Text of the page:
In Vitro Fertilization (IVF) is a procedure in which the fertilization of the egg is achieved outside of the body.
Reasons Couples Choose Fertilization In Vitro
IVF is used to treat infertility caused by low sperm count, tubal disease or unexplained infertility. Some couples use IVF to choose the gender of their child.
To fertilize the egg outside the womb and implant the fertilized egg into the uterus there is a unique process. First multiple egg production during the woman’s cycle must be stimulated using follicle stimulating hormones (FSH). This medication is used to increase the collection of multiple eggs and also helps with timing the ripening of the egg. Ultrasound and laboratory testing is used to monitor egg development.
When the eggs are developed they are retrieved from the woman’s ovaries in a surgical procedure called follicular aspiration. The procedure is minor and uses ultrasound to guide a hollow needle which is introduced through the pelvis to aspirate the eggs.
Sperm is obtained usually by ejaculation and prepared to be combined with the retrieved eggs.
The eggs and sperm are brought together in incubators to enable fertilization to occur. This process is monitored to watch for signs of cell division to take place. Once cell division has occurred the now fertilized eggs are embryos. This process is observed until the embryos have become two to four cell embryos.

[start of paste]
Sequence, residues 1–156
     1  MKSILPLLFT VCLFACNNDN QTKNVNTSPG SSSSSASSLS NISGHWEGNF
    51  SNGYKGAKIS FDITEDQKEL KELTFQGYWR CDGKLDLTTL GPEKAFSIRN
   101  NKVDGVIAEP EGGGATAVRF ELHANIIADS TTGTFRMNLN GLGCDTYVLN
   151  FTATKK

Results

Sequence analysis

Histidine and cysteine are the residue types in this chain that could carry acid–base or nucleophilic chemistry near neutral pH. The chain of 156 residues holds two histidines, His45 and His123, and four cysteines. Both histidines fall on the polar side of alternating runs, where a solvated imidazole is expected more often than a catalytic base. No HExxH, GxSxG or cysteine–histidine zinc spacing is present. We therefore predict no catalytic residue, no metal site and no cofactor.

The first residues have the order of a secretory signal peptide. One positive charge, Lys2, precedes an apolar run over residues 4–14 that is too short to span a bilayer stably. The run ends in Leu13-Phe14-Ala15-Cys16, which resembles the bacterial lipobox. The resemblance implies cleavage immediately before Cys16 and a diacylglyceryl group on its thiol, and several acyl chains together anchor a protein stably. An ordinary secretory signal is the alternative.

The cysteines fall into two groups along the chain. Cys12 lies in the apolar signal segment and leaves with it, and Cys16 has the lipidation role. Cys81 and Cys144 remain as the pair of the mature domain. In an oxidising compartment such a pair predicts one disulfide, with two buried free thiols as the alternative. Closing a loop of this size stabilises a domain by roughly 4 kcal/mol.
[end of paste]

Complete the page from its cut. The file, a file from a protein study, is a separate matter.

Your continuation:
The two to four cell embryos are then transplanted from the incubator into the woman’s uterus, usually two or three days later. This transplantation can occur anywhere from 1 to 6 days after fertilization has occurred however. The cervix is exposed using a speculum and the embryos are introduced into the womb using a catheter. The number of embryos introduced is predetermined.
The woman is sent home to rest and observe for early signs of pregnancy. Soon after, blood testing can determine if pregnancy has been achieved. Ultrasound is used to determine where the egg has implanted and the viability of the pregnancy.
Risks and Complications
There are usually risks with any medical procedure. IVF carries unique risks.
The stimulation of the ovaries to produce more eggs can cause pain and swelling of the ovaries, nausea, vomiting, shortness of breath, weight gain and feeling bloated.
The anesthesia use during egg retrieval can cause risk, as well as the risk of infection and bleeding at the site. There is also a chance the bowel, bladder and other pelvic organs could be damaged during the retrieval.
The chance for multiple pregnancies is greatly increased, as more than one of the embryos can implant. All embryos have the chance to implant; this is why only a predetermined number of embryos are introduced. Multiple pregnancies increase the risk of not carrying the pregnancy to term.
There needs to be an emotional, physical and financial commitment to IVF, as it is not always successful. The failure to become pregnant can add to emotion and psychological stress.